Oh, the layers and layers we create to avoid unmasking our true feelings! Corin’s response is found in the chorus, and on the last go-around she appends four lines that answer the scary-or-real question (it’s both) and qualify as Words to Live By for anyone in search of true intimacy:
It is one desire
Burning hot and bright
It could fill the sky
It could fill me up
Worth the trouble
Worth the pain
It is brave to feel
It is brave to be alive
I don’t know why we created a world where simply trying to be who you are qualifies an act of courage, or why we established cultural norms that force people into role-playing, but I’ve always agreed with Blake that the nearly all human problems stem from repressed desire. The music supports the duality presented in the song, with the rhythm choppier in the verses and hard-driving in the chorus. Corin’s tone in the verses is naturally dismissive and impatient, but in the chorus and coda, the purity and strength in her voice is undeniably moving. The only fly in the ointment is the unintelligibility of Carrie’s response vocals, but it’s a relatively minor quibble.
I’ve already noted a sonic connection between Sleater-Kinney and Devo, but “Dance Song ’97” makes it so obvious that even contemporary critics picked up on it. The beat will be familiar to Freedom of Choice fans, as will the thin organ that added a sci-fi feel to “Whip It.” I don’t have a problem with the arrangement, but the lyrical focus on repressed desire was covered far more effectively in “Things You Say” and slotting the two songs back-to-back highlights the weakness of the second. Dig Me Out ends with “Jenny,” a slow, dark grunge number with minimalistic lyrics that qualifies it as a mood song. While the band is tight and Corin’s is as strong as ever, I have to confess that the mood they create reminds me of the way I feel when I’m on the rag—grungy-grumpy-messy-yucky. Chalk up my commentary to intensely personal critical bias and leave it at that.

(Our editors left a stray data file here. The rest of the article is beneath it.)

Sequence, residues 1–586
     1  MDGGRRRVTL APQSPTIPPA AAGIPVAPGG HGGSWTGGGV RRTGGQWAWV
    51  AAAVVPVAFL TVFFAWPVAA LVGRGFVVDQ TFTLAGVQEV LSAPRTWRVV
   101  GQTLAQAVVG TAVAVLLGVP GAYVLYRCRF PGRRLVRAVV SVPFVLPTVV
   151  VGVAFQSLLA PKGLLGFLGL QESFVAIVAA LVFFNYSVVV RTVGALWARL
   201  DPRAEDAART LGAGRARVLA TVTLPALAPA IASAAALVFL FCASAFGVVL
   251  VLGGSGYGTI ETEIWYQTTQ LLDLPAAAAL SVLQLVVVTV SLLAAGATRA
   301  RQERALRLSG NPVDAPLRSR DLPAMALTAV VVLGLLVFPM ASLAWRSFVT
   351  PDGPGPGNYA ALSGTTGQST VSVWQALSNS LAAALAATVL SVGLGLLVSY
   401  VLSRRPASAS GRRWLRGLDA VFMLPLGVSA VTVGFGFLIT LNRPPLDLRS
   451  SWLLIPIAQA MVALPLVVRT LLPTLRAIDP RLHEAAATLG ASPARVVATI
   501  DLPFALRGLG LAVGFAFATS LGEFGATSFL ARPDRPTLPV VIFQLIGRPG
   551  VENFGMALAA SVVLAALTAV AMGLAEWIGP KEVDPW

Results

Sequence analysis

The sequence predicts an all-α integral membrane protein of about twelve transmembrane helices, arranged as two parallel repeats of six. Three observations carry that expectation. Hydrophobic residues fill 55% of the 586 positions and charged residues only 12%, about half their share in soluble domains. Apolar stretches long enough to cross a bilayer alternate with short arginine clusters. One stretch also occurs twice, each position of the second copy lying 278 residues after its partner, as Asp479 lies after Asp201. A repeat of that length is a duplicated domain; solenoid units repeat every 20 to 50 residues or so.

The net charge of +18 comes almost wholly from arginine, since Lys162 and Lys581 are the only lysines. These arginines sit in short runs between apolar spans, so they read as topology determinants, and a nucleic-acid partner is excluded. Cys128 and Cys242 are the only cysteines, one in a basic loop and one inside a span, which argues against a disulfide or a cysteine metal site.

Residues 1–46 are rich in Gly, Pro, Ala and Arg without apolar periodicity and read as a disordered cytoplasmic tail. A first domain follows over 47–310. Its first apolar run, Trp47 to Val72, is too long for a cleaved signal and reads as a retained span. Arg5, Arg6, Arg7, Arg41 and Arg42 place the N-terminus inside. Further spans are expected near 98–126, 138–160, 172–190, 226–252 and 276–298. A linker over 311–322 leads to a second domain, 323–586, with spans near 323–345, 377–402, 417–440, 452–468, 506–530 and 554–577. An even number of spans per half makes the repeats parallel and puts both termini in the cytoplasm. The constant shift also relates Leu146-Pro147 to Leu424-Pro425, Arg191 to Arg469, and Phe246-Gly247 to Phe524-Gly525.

Sleater-Kinney has continued to produce critically-acclaimed albums over the years, each representing another step in their musical growth. Apparently, their recent collaboration with St. Vincent took things a bit too far for Janet Weiss, who left the band last year. I wasn’t surprised by their embrace of electronics; Kathleen Hanna went there with The Julie Ruin years before. And though the critical reception to The Center Won’t Hold was more mixed than usual, the important point is that after all these years, Corin Tucker and Carrie Brownstein continue to embody artistic integrity. While they conclusively proved that women can rock and with the best of them on Dig Me Out, what’s most important about the album is it was a confidence-building, door-opening experience that resulted in one of the great catalogs of the female experience.